Earlier today I had a chance to sit on brand new Honda CRF250L at Brampton Power Sports. Before I sat on this bike I thought it would be too tall for me to get my feet on the floor/ground, but it wasn't.
    Anybody have any thoughts on this bike ad a DS? BPS was asking $5,600 plus tax

    Thanks
  10. suprf1y

    suprf1y Limited User

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    Honda's representation in the 250 DS market was a disgrace a few years ago and this was their answer. A bike that's not even as good as a KLX250, which is pretty much a 30 year old design.
    If you really like it, buy one used. If you like that size and style of bike, buy a used KLX250. No need to buy new. They're all reliable.
  11. Randy_K

    Randy_K Limited User

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  12. Rods1969

    Rods1969 Limited User

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    Once again, thanks for the replies and helping me with some good and helpful info.

    I did come across a 02 Suzuki DR200 that needs a bit of work to be road/trail ready. Anybody think this would be a good budget trail starter bike for me? I'm pretty sure I'd still trailer this bike to trail locations and only need the street part for street part DS rides (does that make sense?). Also, the DR has a motorcycle designation on the ownership. The current owner uses it as a trailbike with no plate.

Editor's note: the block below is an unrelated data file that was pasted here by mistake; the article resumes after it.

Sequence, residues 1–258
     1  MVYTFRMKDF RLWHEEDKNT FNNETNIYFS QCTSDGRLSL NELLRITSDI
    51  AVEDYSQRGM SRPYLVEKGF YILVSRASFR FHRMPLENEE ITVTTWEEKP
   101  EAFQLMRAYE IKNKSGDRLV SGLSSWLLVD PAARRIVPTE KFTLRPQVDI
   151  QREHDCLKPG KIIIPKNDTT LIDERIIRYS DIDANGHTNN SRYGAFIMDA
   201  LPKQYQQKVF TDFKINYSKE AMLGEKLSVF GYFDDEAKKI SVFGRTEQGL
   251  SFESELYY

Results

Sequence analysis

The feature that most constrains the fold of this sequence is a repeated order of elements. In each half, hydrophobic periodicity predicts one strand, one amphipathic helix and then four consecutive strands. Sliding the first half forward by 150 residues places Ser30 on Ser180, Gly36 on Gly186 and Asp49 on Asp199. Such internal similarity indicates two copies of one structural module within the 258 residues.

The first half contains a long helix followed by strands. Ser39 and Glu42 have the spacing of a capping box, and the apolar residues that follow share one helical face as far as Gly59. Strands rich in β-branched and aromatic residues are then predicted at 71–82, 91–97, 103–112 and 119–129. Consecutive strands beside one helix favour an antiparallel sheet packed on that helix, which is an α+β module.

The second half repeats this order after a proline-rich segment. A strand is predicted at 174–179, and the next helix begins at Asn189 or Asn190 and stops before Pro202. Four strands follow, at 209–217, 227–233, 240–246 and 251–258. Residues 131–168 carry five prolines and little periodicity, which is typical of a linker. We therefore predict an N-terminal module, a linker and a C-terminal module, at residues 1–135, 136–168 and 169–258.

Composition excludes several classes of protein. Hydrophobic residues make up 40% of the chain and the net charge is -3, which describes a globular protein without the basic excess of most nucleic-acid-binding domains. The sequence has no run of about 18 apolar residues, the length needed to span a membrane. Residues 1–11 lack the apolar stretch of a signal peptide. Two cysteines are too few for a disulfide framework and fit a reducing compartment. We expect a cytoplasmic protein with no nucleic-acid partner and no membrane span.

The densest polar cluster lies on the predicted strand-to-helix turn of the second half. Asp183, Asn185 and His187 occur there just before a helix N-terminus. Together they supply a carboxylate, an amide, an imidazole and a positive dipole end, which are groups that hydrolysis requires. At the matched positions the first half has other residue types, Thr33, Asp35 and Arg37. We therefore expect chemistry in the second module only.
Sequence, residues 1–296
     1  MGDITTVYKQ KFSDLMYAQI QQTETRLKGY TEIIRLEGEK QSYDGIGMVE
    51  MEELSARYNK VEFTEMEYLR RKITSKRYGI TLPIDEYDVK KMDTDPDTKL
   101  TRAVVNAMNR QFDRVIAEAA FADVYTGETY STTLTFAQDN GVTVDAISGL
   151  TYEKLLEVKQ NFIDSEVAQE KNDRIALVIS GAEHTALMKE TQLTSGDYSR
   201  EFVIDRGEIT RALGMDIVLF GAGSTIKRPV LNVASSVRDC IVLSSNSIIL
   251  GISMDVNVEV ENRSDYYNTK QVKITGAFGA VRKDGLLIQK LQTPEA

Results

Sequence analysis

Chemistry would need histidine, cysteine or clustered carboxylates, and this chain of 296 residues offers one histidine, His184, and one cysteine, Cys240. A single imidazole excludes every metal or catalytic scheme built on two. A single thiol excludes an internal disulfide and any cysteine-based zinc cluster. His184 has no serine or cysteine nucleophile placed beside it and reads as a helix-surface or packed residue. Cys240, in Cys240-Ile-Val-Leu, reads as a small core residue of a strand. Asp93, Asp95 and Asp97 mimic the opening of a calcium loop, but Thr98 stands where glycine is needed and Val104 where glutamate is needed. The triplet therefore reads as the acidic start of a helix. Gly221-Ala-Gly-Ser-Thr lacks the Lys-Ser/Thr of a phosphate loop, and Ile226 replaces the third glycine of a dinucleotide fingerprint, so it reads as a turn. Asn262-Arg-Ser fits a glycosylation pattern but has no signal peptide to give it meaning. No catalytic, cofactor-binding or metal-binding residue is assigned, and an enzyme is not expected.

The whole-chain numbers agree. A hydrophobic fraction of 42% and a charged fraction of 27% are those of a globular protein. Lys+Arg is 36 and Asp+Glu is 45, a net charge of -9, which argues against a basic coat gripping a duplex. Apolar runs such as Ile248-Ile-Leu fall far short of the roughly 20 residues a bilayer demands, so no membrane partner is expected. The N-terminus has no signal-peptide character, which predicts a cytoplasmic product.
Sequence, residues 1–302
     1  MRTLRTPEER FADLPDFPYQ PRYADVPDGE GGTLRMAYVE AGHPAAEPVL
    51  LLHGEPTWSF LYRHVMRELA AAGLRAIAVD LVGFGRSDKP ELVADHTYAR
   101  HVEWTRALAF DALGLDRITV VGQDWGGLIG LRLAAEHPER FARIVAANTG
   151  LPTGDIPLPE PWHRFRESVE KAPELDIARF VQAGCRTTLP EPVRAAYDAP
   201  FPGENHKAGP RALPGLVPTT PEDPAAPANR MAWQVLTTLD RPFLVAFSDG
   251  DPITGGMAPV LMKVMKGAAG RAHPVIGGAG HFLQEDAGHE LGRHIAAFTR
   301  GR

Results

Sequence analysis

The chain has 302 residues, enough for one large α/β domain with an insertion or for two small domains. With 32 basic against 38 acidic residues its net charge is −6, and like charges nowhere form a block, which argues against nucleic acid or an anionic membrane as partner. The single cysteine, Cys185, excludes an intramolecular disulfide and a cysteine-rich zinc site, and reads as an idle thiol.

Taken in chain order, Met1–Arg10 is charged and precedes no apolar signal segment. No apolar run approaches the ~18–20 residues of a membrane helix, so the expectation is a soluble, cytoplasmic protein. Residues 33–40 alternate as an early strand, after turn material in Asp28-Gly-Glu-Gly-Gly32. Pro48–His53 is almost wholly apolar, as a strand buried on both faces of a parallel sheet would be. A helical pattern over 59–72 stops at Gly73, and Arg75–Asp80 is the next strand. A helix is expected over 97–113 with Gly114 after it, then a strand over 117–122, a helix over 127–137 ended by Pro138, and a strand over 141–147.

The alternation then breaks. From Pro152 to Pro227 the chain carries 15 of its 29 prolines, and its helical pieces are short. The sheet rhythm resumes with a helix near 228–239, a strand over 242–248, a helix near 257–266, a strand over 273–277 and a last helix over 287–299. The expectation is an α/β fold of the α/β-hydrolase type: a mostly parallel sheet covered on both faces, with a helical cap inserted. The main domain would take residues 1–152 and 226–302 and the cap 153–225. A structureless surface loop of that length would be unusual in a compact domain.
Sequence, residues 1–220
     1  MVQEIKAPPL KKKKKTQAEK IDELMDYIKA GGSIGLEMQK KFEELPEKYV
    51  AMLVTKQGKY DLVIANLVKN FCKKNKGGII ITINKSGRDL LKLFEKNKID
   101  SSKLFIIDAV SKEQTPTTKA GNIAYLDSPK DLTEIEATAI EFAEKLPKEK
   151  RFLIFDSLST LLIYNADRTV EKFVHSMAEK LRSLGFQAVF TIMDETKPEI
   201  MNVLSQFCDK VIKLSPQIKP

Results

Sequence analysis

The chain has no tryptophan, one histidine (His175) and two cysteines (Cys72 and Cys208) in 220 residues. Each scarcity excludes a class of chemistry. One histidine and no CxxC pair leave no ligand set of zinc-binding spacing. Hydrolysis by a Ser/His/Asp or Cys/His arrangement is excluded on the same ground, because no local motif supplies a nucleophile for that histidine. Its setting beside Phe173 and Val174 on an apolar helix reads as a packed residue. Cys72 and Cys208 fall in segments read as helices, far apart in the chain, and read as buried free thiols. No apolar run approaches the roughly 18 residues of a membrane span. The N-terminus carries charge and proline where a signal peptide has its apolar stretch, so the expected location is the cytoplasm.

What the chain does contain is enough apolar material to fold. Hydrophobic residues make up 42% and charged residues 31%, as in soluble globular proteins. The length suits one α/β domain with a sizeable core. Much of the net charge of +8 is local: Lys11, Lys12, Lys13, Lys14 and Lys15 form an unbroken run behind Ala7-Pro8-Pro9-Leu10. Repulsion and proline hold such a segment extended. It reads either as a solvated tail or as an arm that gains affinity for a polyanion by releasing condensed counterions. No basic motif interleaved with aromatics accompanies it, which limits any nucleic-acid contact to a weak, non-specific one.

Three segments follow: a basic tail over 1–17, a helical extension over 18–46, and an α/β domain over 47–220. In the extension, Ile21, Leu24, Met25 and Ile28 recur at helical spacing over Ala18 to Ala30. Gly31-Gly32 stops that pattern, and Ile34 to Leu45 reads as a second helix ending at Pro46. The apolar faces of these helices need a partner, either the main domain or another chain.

13. CoyoteJeepGuy

    CoyoteJeepGuy ODSC Executive

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    Coming from someone who owns a DR200 I would suggest going up to a 250 the 200 is quite gutless on pavement. I use it to commute around the city. Other than that it is a big compromise in all situations.
    Just my two cents.
    Art
  14. PaulB

    PaulB Limited User

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    Forty-something ... been riding since the 80s, mostly dualsports - can't seem to give it up. As others have noted, there is probably no one right answer to your question (as the concept of dualsport is inherently fraught with paradox, contradiction and compromise).

    I personally enjoy having a blue-plated DS as it allows the freedom to ride to work on nice days, and use my imagination to connect blacktop to scrub land along the way. Not sure if there is a trail system in your area, but lack of proximate / convenient riding areas may quickly become a source of irritation (unless you live next door to the Ganaraska Forest).